What gives you reason for optimism in your community?
There are teachers, administrators, parents and alumni pulling together to do what they can, when they can, with whatever resources they have. That gives me a lot of hope for the future of our School District.
If you could go back in time and give advice to yourself when you were in high school, what would it be?
Today, I would tell my younger self that life is not as easy as it seems, to never lose faith in God or yourself, and to always put others before yourself.
If you could add a few more hours to the day, how would you spend them?
I would spend that extra time with my husband, Dennis.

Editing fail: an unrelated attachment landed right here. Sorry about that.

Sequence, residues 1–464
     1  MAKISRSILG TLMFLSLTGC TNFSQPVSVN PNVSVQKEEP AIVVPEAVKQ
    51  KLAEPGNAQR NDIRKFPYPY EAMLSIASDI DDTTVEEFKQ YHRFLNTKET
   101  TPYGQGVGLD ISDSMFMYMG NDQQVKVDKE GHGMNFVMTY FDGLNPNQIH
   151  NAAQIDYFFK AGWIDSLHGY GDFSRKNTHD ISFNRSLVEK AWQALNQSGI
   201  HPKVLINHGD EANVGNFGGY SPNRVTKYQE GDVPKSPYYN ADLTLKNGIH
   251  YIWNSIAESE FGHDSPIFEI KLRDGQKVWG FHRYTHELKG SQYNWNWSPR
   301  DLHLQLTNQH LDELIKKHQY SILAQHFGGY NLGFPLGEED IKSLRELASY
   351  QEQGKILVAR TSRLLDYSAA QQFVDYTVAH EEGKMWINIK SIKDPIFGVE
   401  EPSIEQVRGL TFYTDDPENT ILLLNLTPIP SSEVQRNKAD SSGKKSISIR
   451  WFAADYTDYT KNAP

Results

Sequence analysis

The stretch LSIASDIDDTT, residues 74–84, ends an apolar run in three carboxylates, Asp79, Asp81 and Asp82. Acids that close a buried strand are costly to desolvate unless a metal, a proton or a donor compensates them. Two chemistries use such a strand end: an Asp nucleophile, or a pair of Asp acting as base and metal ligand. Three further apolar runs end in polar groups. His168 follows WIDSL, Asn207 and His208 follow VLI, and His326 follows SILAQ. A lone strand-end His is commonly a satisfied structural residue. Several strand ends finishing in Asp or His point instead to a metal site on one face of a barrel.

Do you live by any mantra or saying?
If you ask my family and coworkers, I think I have a lot of them. I even have a sayings board in my office as a place to find inspiration, but something that has stuck with me since I was a kid was that, "We are the music makers, and we are the dreamers of dreams."
Career aspirations aside, name one thing you definitely want to accomplish in your lifetime.
I hope that I can inspire young women to go for it, whatever it is, no matter how many people tell them they can't or shouldn't. The glass ceiling is waiting to be shattered, records are meant to be broken, and the world is there for the taking. Oh, and a little Italian restaurant on a beautiful island someday would be okay, too.